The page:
Corner Post Meats (10165 Hodgen Road, Black Forest, cornerpostmeats.com) will host its Unforgettable Pasture to Plate Dinner with Denver-based chefs Dan Gullickson and Curtis Bell of Rogue Food Works, on Saturday, April 18, from 3:45 to 9 p.m. (which includes cocktails and a farm tour for $100). That precedes a week-long intensive "From Field to Fork" butcher class for serious homesteaders for $4,000, in June.
If neither of those are your financial speed, you can support the farm via a $60 mixed-meat package that includes a pound of ground beef, two pork chops, a sirloin steak and a whole extra large chicken. All of that is pasture-raised, and all cows, pigs and lambs are grass-fed through slaughter.
If CPM is a new name to you, it's because the business was originally Wyoming-based. It moved to the Monument area in early 2014 under operators Adrienne and Dan Lorenz. This past February, in a partnership with the Audubon Society, CPM acquired a 1,500-acre lease inside Black Forest to set up a sustainable model of responsible grazing practices benefiting wildlife habitat and land restoration.
Overall animal counts fluctuate based on the land's resources and market demand, but currently CPM hosts around 50 pigs, 75 cows, 30 lambs, 450 laying hens and 750 meat chickens, also in partnership with other like-minded ranches.
The business mainly focuses on direct-to-consumer sales via its website, with options for pickup at the pasture's farm stand or monthly delivery through Buckley's Homestead Supply or Ivywild School's Hunt or Gather. Ivywild's Bristol Brewing contributes spent grains to CPM as animal feed and fertilizer, while the Blue Star Group restaurants purchase whole hogs and ground beef for The Blue Star and pork for The Meat Locker and La'au's.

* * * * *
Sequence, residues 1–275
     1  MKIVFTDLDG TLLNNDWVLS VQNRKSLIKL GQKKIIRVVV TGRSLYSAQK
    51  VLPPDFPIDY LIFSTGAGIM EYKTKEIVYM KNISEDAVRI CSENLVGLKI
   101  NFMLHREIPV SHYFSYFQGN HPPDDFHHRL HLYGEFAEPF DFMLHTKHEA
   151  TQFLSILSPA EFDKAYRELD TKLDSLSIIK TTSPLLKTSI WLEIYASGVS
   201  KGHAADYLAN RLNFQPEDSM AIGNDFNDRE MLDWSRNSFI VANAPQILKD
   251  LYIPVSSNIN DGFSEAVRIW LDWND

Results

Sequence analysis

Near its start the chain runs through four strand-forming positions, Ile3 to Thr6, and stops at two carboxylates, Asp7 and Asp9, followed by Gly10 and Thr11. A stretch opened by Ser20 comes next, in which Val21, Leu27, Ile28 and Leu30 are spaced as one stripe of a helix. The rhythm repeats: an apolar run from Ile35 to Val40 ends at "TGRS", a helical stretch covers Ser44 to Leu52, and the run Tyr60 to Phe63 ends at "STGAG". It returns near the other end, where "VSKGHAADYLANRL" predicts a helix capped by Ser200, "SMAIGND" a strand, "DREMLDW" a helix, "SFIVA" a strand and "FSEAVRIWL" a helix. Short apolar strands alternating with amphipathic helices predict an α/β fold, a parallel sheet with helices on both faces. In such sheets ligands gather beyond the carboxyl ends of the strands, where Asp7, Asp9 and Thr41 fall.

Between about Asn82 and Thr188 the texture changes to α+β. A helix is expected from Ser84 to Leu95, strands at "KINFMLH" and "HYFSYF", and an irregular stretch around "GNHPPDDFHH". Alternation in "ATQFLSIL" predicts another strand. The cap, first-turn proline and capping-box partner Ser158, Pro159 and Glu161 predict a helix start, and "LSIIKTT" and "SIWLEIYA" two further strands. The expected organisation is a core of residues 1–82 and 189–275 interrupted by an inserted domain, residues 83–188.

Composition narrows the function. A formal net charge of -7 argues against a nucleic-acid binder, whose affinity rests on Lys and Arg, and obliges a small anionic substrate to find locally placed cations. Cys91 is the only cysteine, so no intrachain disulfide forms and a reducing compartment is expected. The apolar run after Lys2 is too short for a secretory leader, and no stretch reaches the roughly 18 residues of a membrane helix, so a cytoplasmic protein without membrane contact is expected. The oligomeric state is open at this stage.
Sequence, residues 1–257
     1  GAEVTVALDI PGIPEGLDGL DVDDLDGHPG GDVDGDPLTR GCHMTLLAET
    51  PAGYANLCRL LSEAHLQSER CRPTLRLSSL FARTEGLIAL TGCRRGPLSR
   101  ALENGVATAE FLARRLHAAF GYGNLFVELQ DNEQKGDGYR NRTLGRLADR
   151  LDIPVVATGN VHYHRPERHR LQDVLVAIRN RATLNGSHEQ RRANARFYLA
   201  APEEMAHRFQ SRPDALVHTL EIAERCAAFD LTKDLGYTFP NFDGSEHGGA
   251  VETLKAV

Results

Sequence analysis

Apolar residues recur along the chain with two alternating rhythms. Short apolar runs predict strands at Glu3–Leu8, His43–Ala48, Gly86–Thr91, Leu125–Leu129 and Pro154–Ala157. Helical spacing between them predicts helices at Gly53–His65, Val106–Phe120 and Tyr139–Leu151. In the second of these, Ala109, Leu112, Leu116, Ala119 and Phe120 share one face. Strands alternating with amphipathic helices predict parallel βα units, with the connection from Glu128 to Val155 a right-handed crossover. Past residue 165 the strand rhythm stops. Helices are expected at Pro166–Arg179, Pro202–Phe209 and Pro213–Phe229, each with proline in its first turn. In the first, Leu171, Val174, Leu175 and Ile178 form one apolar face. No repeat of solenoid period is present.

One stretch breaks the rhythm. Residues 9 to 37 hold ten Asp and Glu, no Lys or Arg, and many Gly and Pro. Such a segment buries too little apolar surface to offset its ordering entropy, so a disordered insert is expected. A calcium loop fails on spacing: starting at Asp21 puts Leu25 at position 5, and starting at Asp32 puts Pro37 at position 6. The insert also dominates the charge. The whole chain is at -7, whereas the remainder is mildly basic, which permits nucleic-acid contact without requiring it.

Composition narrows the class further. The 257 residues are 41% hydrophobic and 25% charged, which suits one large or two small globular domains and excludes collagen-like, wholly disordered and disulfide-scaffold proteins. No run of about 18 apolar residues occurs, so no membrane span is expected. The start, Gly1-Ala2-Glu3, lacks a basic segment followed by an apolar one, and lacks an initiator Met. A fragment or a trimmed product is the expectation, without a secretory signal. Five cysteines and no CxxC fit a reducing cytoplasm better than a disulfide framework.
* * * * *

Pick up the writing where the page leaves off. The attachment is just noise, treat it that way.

"Our goal isn't to be in every restaurant in town," says Adrienne, who instead wants to build relationships inside the wider Pikes Peak community via tours, monthly workshops and dinners and regular purchasing. "The door's open; we want people to experience it."
By "it," she partly means the nutritional difference of grass feeding, which results in healthier Omega-3 to Omega-6 fat ratios, as well as several other factors, including the all-important taste. A YouTube video on their site demonstrates their humane and ecologically beneficial grazing methods, and Adrienne says she just wants folks to learn more about where their food comes from.
Barney's Diner has ceased operations at 129 W. Las Animas St. A sign on the door says it is "temporarily closed," but also notes that "the business is available for lease." Barney's had been around for more than four decades, and was well regarded for its fried chicken and Ranch Foods Direct burgers, among other surprisingly affordable items.
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Well thanks for the honest feedback. We'll try to improve as we love our city,…